Eternal Treblinka presents theories from various thinkers including Freud, Montaigne, Carl Sagan, Judy Chicago, and Barbara Ehrenreich on the human penchant for war, violence, and the subjugation of other forms of existence. It looks at traditional methods of subduing animals in pastoral cultures, noting that "[c]astration continues to be the centerpiece of animal husbandry." And like the infamous 20th-century psychologist Harry Harlow, who devised experiments to induce terror in young monkeys and pathologic aggression in their mothers, herders around the world separate mother cows from their young by cruel and painful means: "The Nuer tie a ring with thorns around the calf's muzzle, which pricks the mother's udder. . . . Lapps smear excrement on the udders of reindeer does in order to keep their fawns from sucking them." The Tuareg "pierce the nasal septum of the calves with a forked stick that makes sucking painful." They "cut the noses of camel and cattle calves to keep them from sucking their mothers."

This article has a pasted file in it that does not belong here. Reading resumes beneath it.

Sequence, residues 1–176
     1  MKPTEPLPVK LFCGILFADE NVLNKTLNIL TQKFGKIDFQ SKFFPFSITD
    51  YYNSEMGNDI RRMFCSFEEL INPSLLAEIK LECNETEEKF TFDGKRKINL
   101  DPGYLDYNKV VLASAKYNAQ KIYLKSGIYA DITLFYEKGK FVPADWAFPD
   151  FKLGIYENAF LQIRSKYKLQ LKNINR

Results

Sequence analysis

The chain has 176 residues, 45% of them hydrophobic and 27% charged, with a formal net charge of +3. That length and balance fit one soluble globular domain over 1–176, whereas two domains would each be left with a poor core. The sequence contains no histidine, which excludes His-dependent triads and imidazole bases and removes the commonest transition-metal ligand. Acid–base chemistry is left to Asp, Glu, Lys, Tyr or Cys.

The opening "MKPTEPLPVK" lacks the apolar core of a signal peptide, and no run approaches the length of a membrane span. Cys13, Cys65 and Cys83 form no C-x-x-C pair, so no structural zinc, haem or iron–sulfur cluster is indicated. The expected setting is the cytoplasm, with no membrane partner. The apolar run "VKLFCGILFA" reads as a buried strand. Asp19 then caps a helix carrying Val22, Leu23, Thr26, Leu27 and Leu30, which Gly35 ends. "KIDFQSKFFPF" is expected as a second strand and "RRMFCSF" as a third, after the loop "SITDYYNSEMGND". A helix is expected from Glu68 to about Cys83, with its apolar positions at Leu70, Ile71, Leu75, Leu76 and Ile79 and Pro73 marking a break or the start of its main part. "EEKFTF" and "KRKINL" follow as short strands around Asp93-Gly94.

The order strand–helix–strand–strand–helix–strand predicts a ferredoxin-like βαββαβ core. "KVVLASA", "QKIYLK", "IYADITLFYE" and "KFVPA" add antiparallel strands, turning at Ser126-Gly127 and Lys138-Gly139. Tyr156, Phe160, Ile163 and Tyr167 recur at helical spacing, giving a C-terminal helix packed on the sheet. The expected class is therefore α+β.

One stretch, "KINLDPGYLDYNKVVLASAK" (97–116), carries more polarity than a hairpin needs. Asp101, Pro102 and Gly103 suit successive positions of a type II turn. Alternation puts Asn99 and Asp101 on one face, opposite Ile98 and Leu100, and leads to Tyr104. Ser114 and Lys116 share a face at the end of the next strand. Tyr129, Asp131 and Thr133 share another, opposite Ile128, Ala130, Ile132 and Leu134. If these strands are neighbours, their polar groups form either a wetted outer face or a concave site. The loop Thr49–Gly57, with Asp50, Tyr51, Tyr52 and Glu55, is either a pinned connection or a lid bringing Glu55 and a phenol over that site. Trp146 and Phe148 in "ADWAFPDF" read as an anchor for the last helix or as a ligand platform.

Eternal Treblinka looks at how we use language to vilify nonhuman animals, who in turn are invoked to justify our vilification of other human beings. According to Patterson, the "designation of the people of Africa, Asia, and the Americas as 'beasts,' 'brutes,' and 'savages' raised the level of murderousness" towards them. In the 16th century, the English denounced the Hottentots in Africa as traveling in "'heardes' like their animals" and seeming to "cackle like hens or turkeis," which made it right and "necessary" to torture, kill, and enslave them. The voluminous record of hatred expressed by the Europeans for the nonEuropeans they encountered in the 16th through the 19th centuries, America's obsession with brain size as the measure of intelligence in the 19th and 20th centuries, the ubiquitous and iniquitous concept of "lower animals"—all this fits neatly into packages of ideas like that of the American psychologist and educator Granville Stanley Hall, who declared at the turn of the 20th century: "We are summoned to rise above morals and clear the world's stage for the survival of those who are fittest because strongest." (Lest we think such talk is out of date, several times in the past 3 months, radio talk show hosts have asked me on the air why "the survival of the fittest" shouldn't determine how we treat other creatures; a modern code phrase is "top of the food chain.")